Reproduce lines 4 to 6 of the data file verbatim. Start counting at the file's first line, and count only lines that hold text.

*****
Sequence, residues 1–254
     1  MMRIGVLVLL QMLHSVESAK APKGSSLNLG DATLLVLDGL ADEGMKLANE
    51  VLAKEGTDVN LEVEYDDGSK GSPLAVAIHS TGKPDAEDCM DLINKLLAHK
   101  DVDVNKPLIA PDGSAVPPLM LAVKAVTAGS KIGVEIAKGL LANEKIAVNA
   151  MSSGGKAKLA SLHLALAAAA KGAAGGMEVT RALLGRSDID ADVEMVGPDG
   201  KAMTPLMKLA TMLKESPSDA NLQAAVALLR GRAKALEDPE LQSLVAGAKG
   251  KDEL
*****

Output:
   101  DVDVNKPLIA PDGSAVPPLM LAVKAVTAGS KIGVEIAKGL LANEKIAVNA
   151  MSSGGKAKLA SLHLALAAAA KGAAGGMEVT RALLGRSDID ADVEMVGPDG
   201  KAMTPLMKLA TMLKESPSDA NLQAAVALLR GRAKALEDPE LQSLVAGAKG